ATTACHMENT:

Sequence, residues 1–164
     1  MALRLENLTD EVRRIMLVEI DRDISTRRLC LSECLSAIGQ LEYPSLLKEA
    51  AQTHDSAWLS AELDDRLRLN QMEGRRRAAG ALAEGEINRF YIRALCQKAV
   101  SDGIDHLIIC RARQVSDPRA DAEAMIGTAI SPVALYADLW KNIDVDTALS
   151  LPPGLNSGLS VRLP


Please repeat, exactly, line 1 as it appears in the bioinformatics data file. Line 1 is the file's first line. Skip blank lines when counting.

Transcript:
Sequence, residues 1–164